This is something I came up with at around 2:00 A.M. My friend had just written a dark version of 'Alice In Wonderland' for school, and I was inspired. Let me know what you think.

I do not own Peter Pan.

There is a place called Neverland. It only exists in childrens' minds, or at least, that's what the adults always tell them, when the children awaken with a fright saying that they have been to Neverland and that the pirates are after them. The children insist that the place is real, telling the parents over and over again what they see happen to other unsuspecting friends that have fallen into the hands of the pirates or the fairies. This disturbs the parents, though they brush it off as a nightmare, and even believing that's all it is. But the children that go to Neverland are never the same again, though only a choice few ever make it. Many children don't have the right minds for Neverland, and never find the way there. Sometimes, their friends who have been tell them that it's better this way, though the other children continue to look for ways to get there.

Some children die in their sleep. Doctors always write it off as heart problems, a childhood sickness, sometimes even complications in birth if they are young enough. These are the children that fall to the pirates or the fairies. Because, if you are killed in Neverland, you don't wake up and return to the real world. You are forced to stay there for the rest of eternity, roaming as one of the Lost Children, who wander the waterside at night, crying for parents whom they will never be able to return to. They wring their hands and pace, but never get anywhere. They are empty.

The pirates in Neverland are spoken of as little as possible, except for the children who have seen them and are terrified. It is common knowledge in Neverland however, that the pirates are merciless in their killings, particularly enjoying young children. No one knows exactly what the pirates do to these children, because no one has ever returned from trying to find out.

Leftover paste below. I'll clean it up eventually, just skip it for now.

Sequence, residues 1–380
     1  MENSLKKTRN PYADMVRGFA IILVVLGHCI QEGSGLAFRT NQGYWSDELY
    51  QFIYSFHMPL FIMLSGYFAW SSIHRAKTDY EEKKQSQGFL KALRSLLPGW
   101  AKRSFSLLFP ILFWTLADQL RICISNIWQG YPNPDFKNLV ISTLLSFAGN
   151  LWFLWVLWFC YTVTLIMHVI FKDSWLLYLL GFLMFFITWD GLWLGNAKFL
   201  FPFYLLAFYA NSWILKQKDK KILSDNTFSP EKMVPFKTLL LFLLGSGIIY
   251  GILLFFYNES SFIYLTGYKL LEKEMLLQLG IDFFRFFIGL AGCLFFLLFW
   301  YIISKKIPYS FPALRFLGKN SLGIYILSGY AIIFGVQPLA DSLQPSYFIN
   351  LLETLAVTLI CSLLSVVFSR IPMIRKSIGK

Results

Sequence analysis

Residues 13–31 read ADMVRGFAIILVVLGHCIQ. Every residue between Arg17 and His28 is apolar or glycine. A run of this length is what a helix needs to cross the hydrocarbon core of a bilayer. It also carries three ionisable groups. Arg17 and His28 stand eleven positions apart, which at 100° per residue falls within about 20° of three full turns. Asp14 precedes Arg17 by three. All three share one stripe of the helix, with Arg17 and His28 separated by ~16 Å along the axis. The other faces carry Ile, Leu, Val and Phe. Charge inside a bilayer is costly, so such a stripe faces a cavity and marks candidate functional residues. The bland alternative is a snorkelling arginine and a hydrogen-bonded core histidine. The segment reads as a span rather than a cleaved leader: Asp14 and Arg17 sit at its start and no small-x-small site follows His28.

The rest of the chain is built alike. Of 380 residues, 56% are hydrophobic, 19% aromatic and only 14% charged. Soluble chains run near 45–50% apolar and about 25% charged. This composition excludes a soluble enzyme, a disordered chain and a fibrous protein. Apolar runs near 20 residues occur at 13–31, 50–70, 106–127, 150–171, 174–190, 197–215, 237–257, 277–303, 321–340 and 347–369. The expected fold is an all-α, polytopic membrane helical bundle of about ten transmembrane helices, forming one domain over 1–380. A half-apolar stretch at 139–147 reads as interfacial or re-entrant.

The fairies are almost as bad as the pirates. Maybe even worse. They nest in bushes that grow sweet berries. They wait and watch, with beady black eyes, for someone to pick the berries. They swarm out of the bushes and attack before the person has a chance to react. Their little claws tear away at flesh, eating while there is still life. When they have had their fill, they use bones to build their nests deep in the bushes where no one would expect them, waiting for a next victim to arrive.

The leader of Neverland is almost a fairy itself. It is neither male nor female, not entirely fairy, or pirate, or human. It is a creature all its own. They call it Pan, though where the name came from, no one knows. It has clawed fingers and toes, pointy ears, and is clothed only in leaves. Some say that it lives in a cave by day and leaves during the night, to search for victims. Others say it never leaves the air, always flying, always watching for the right moment to spring. Still others say that it blends in with the landscape, becoming a tree, or a fairy bush, until someone passes its way. If a child goes to Neverland and meets Pan, he does not return.

Children who go to Neverland are lucky to ever get out again. They return to their bodies the next morning, though they are never quite the same again, always jumpy, looking over their shoulders and around corners before turning. They fear shadow, always wanting a light on at night when they are to sleep. But the children who have visited Neverland will never sleep easily again. They will forevermore fear sleep, dreading the time that they may return to Neverland, and have to face its horrors again.

What the children do not know is that once they have visited Neverland, they never really leave it. A part of them is left behind, left to wander the shadowy land forever.

To murder with the pirates, eat with the fairies, and to govern with Pan itself.